Potty training, gardening, and writing, oh my!
It’s been over two weeks since we decided lockdown + toddler = potty training. I know because we decided to keep a log. It’s not something I normally do, track my child’s daily excrement schedule (just kidding – we did it for a week when she was a newborn to make sure she was getting enough milk), but it’s proven mildly helpful. For instance, she has a tendency to pee first thing in the morning, so if we set her on the potty she normally produces. Win! We’ve also noticed she will need a wee about every 30-60 minutes, so we’ve been putting her on the john every fifteen. Sometimes she protests and we frog-march her to the bathroom, sometimes she happily waltzes her way in. Her poop schedule is less predictable, occurring 1-3 times a day, and we don’t think she knows when she’s got to go. The only heads up is the stench emanating from her rear after she frees a particularly juicy fart. At that point, it’s poo-roulette.
Our score in this game is not good. We’ve gotten her to go in the toilet less than 25% of the time, sometimes only once or twice a day, from dozens of sits. It’s infuriating. But the log is very helpful in one regard: it gives us hope. We can see baby steps, small wins that will add up to big wins, like the first time we thought she might be signing “toilet” and was pointing in the vague direction of the bathroom. When we set her on (underwear still blissfully dry), she immediately peed. Much praise, thumbs-upping, and smiles. Even if she proceeds to wet herself three times in the following fifteen minutes, with three accompanying wardrobe changes, we know she’s slowly getting there. It may take months of asking and cajoling and signing, and washing countless loads of underwear, but we know it won’t last forever. However, every time I hoist her onto my shoulders, it would be nice to not have to worry about pee or poo spilling down my back.
Didn’t think you’d get tales of poo and pee first thing in this blog, huh? Welcome to parenting. But let’s move on. With Daddy home, there are more fun things for the Bean to explore than just her normal toys and Mom’s boring routine. Like the toddler backpack full of loud musical instruments Dad bought the other day – Why did it come with a metal xylophone? Where was the wooden marimba? – and Dad’s fun piles of deployment clothing, ship gear, and flight boots to unpack, climb over, and try on. And let’s not get started on all the ways she’s so very helpful in the kitchen, from her sous chef skills of tasting every chopped vegetable to her ability to unload a dishwasher onto the kitchen floor one dessert fork at a time.
With the nice weather over Easter weekend, we went outside a lot. Boy, does the Bean like to help in the garden. We gave her chores, including holding the bag for dog bombs (she went a step further, selflessly grabbing some poo and handing it to me), planting seeds (about 500 carrot seeds went in one side of her pot), and digging up soil (somebody likes riding around in the wheelbarrow much more). On Easter morning, Beaner also hunted down mini-Cadbury eggs outside. I channeled childhood memories of my own Easter egg hunts as I placed goodies strategically around the back yard, though I’m woefully inept compared to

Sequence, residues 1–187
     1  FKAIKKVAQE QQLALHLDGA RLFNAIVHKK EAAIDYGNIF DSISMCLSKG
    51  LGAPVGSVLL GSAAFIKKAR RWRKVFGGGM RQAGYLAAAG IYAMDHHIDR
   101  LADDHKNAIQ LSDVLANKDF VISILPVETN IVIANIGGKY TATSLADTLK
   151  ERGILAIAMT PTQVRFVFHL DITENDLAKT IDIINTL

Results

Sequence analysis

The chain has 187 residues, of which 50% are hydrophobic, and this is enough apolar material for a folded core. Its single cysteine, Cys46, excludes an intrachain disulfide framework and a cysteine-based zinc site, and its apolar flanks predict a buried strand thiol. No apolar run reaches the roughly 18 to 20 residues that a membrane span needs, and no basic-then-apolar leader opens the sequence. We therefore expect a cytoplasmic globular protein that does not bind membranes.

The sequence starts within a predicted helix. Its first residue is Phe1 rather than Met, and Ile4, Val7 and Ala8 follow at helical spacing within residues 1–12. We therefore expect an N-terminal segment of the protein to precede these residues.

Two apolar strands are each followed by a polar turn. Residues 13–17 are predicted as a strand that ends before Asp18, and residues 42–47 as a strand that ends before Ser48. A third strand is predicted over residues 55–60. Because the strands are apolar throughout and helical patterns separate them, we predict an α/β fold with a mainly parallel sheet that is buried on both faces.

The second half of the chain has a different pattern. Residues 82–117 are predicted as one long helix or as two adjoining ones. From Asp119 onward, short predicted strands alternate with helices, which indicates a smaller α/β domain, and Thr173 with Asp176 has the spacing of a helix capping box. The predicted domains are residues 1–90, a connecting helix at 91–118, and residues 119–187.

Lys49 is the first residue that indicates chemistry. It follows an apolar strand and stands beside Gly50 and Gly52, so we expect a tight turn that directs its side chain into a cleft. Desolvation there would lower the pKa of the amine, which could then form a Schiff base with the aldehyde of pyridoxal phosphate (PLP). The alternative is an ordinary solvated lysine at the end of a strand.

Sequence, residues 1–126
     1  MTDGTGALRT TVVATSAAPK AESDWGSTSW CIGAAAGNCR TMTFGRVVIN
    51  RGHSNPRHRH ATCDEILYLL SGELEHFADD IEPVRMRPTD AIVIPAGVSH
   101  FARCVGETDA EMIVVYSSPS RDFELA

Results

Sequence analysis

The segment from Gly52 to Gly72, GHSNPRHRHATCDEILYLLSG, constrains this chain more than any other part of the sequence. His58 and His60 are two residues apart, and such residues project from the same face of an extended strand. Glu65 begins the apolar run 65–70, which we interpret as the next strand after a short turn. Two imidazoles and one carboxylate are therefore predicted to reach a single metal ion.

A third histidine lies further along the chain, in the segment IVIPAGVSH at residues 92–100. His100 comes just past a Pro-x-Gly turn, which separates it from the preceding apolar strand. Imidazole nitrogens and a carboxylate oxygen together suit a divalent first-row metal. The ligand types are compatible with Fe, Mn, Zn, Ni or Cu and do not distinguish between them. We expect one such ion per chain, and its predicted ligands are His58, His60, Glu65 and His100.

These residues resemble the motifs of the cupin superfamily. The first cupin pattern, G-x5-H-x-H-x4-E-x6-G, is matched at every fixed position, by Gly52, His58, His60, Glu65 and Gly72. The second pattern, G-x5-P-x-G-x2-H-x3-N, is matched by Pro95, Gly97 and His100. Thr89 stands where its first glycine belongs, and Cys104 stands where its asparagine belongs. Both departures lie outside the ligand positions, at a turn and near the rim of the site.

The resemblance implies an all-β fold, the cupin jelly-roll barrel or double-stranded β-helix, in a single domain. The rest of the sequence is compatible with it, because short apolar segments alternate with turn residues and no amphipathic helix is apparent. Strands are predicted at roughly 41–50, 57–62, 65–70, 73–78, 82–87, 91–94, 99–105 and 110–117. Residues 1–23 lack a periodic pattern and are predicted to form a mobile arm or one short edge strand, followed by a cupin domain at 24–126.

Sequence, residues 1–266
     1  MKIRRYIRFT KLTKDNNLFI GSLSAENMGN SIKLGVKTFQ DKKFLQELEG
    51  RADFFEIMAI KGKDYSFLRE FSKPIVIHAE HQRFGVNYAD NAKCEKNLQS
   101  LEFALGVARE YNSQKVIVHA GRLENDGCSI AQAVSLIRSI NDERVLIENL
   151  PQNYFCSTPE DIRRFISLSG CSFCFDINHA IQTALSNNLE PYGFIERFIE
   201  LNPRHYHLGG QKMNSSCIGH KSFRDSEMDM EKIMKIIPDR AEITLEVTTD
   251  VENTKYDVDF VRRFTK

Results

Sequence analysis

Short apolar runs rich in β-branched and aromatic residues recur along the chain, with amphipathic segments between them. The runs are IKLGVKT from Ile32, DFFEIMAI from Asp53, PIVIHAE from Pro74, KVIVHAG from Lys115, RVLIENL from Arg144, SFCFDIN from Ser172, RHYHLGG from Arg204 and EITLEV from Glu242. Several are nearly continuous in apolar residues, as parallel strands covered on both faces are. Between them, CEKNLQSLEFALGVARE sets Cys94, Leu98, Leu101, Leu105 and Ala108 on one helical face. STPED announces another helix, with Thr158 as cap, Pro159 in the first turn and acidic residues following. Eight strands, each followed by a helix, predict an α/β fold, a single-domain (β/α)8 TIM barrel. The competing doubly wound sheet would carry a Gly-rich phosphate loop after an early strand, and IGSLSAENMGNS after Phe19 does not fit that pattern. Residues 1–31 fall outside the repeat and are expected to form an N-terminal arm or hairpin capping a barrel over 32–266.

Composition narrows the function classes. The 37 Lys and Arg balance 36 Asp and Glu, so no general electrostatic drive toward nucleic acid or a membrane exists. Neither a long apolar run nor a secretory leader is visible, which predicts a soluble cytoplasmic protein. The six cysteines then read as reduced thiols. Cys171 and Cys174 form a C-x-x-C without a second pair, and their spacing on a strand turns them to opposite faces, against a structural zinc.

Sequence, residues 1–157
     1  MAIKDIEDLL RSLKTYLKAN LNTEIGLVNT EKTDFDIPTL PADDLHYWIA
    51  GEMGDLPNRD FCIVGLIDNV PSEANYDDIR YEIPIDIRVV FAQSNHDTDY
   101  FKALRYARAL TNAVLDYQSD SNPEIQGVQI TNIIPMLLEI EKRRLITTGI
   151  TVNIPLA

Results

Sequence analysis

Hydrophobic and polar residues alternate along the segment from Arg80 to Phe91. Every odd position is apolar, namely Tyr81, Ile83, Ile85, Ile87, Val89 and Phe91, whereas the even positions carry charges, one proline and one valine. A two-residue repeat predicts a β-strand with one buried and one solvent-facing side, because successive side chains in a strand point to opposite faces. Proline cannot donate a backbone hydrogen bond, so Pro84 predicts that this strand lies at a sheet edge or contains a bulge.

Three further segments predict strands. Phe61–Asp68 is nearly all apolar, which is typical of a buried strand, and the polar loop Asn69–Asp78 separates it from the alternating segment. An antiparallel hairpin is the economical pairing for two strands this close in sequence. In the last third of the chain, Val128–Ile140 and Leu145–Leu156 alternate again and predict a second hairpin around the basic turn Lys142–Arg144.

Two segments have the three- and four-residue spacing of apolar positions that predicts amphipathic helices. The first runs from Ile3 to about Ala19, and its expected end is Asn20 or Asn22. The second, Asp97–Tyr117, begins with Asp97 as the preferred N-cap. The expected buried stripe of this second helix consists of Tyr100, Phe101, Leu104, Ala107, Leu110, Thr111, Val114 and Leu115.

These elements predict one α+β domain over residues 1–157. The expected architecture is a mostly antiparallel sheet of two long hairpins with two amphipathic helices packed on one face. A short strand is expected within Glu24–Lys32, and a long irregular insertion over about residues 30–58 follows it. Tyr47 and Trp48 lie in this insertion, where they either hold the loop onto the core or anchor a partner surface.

my Dad the Easter Bunny, who managed to balance eggs on the chain link fence at our old house in Virginia, among other impossible places. My daughter finally discovered chocolate, after I let her eat a few mini-eggs, and now I fear she’s turned into a sugar monster. We did hide the bag in the fridge once she figured out that’s where the chocolate lives.
Lockdown continues. Britain announced another three-week stint of restrictions the other day. I understand the rationale, but my selfish side wants to be free. I miss nature, though I have it better than some with access to my back garden and spring blossoms fragrancing the air. Maybe that makes being cooped up worse. I’m desperate for day care to open back up, though, again, I’m luckier than a lot of people. My husband and I take turns caring for our toddler and are able to get a few jobs done around the house in-between. Crazy to think most of the world is going through a similar set of challenges. I think about the world’s economies and the hit they’re taking, and wonder how we’ll recover. Things have already changed.
Like a deployment, the best way I can cope is to stay busy. My toddler takes care of most of that burden, but I have also asked for telework from Germany and I’m upping my writing game. I’ve got a few things in the works: essays, blog posts, story ideas. I’m also dedicating time to writing my memoir, though it’s firmly a first draft. I’ll pretty it up later with vigorous editing. For now, I just need to spew words onto a page. Of course, writing isn’t the only way to improve one’s writing. Reading is just as important. To that end, I’ve been listening to audiobook memoirs at night. I discovered my library – though shut indefinitely for now – is more kickass than I thought: they offer free ebooks and magazines, as well as audiobooks online. I’m also making my way through the four books I checked out as one of my last stops before lockdown.
Our last big project is looking at houses we might be interested in buying in the near future. Though real estate is frozen right now, online searches and email are still up and running. So, we figure we have time now to research and query. Depressing as it is, the “three D’s” will certainly have an impact on house prices when we’re ready to buy: divorce, debt, and death. Like my dad said about the stock market, “Buy low, sell high.” I hope everyone is hanging in there.
Be patient, show love, stay strong.